Facts to consider While Selecting Hardware for Oracle VM

While selecting hardware for Oracle VM environments, many factors need to be considered to be able to pick the right hardware architecture to create your Oracle Cloud project effective. The key factor facts to consider would be the CPU, RAM and storage needs you have to consider hardware vendor certification, kind of internal hard drives, etc.

Vendor certification

The server hardware needs to be jointly using the hardware vendor and Oracle. Only jointly supported hardware product receives vendor support when problems occur and repair tickets are produced.

CPU

Server hardware will most likely be bought with two socket Apple or AMD multiple-core CPUs for medium and small workloads and 4 socket multiple-core CPUs for giant CPU-bound workloads. Probably the most amount of CPU cores or threads an Oracle VM server supports is 160. Oracle VM server maps an internet-based CPU having a hardware thread round the CPU core within the CPU socket. Oracle VM Server supports CPU over-subscription, meaning an online server with 160 CPU cores could over-allocate the entire amount of CPU cores to virtual machines. For instance, an online server through getting an Apple Xeon processor 5600-series CPU with hyper-threading might have around six cores and twelve threads per socket. A Few socket server through getting an Apple Xeon processor 5600-series CPU could allocate 24 virtual CPUs without oversubscribing the physical CPUs. CPU-bound workloads shouldn’t perform servers with oversubscribed CPUs.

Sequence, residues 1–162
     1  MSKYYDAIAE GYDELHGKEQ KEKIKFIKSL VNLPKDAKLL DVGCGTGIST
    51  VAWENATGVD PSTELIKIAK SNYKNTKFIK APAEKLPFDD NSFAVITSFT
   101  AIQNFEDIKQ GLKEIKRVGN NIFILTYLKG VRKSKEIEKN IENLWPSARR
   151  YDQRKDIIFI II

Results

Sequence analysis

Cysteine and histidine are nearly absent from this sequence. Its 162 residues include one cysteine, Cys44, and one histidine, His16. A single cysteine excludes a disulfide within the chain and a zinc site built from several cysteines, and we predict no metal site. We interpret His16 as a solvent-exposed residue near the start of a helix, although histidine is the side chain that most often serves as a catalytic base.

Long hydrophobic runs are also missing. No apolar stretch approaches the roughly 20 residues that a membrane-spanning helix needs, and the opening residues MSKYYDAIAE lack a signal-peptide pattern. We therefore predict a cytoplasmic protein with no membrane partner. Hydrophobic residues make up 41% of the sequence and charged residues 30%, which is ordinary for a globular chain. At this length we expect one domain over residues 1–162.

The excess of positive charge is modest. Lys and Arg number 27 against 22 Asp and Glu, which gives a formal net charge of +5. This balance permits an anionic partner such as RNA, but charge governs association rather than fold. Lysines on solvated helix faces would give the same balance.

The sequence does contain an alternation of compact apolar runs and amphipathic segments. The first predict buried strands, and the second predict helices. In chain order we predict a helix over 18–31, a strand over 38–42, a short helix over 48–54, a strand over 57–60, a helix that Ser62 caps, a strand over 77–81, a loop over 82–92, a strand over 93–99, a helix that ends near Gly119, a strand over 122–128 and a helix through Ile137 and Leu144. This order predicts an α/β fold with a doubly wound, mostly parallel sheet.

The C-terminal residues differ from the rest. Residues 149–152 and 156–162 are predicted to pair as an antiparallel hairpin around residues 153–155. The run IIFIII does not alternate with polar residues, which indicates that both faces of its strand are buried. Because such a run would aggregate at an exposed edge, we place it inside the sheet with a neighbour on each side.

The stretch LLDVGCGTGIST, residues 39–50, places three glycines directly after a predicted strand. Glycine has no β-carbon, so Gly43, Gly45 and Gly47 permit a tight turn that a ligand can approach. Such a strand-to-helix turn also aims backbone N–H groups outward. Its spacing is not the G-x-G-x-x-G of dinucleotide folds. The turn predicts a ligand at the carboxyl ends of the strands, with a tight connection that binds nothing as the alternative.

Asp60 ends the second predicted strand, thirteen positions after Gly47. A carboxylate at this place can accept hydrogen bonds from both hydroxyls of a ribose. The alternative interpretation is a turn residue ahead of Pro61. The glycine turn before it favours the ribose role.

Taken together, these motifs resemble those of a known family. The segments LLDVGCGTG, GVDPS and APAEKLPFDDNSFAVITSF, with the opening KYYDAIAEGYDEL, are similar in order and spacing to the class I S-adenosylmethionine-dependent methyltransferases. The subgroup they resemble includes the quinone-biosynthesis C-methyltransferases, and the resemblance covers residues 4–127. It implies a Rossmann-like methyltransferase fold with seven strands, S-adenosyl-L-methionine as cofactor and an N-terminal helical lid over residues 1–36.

RAM

Server hardware will most likely be bought using the physical memory. Oracle VM server doesn’t support memory over-subscription, meaning it can’t pay an energetic Migration or HA request unless of course obviously clearly the server has available RAM for the virtual machines. Getting available RAM on every server provides versatility in relation to adding new virtual machines for that server pool, and to allow Live Migration and HA within the server pool. Instantly, each server reserves 512 MB of memory for dom0. The standard memory overhead for every running guest round the dom0 is roughly 20 MB plus 1% within the guest’s memory size. All individuals other physical memory may be utilized on visitors.

Storage

Unless of course obviously clearly the server is booting from SAN, an SSD internal hard drive is suggested. Virtual machine image and configuration files are available on shared SAN, iSCSI, or NFS repositories. Oracle VM Server requires “only” 4 GB of local storage for the whole installation. The look goal for Oracle VM should be to support multiple node server pools with shared fibre funnel SAN, iSCSI and/or NFS storage.

Network Interface Cards

For network-interface high availability 802.3AD bonds can be used each number of network interfaces. Oracle VM supports two NICs ports per 802.3 AD bond and around five 802.3AD bonds per Oracle VM Server. Both 802.3AD NIC bonds, port-based VLANs and/or 802.1Q tag-based VLANs are supported and configured publish-installation with Oracle VM Manager. Network redundancy, i.e. 802.3AD NIC connecting doubles the amount of needed NICs. Oracle VM uses around five discrete systems – Server Management, Cluster Heartbeat, live Migration, Storage and Virtual Machines. All five systems may be supported one mode 2 bond with 802.1Q tag-based VLANs (2 NICs) or depleting to 5 802.3AD bond (10 NICs).

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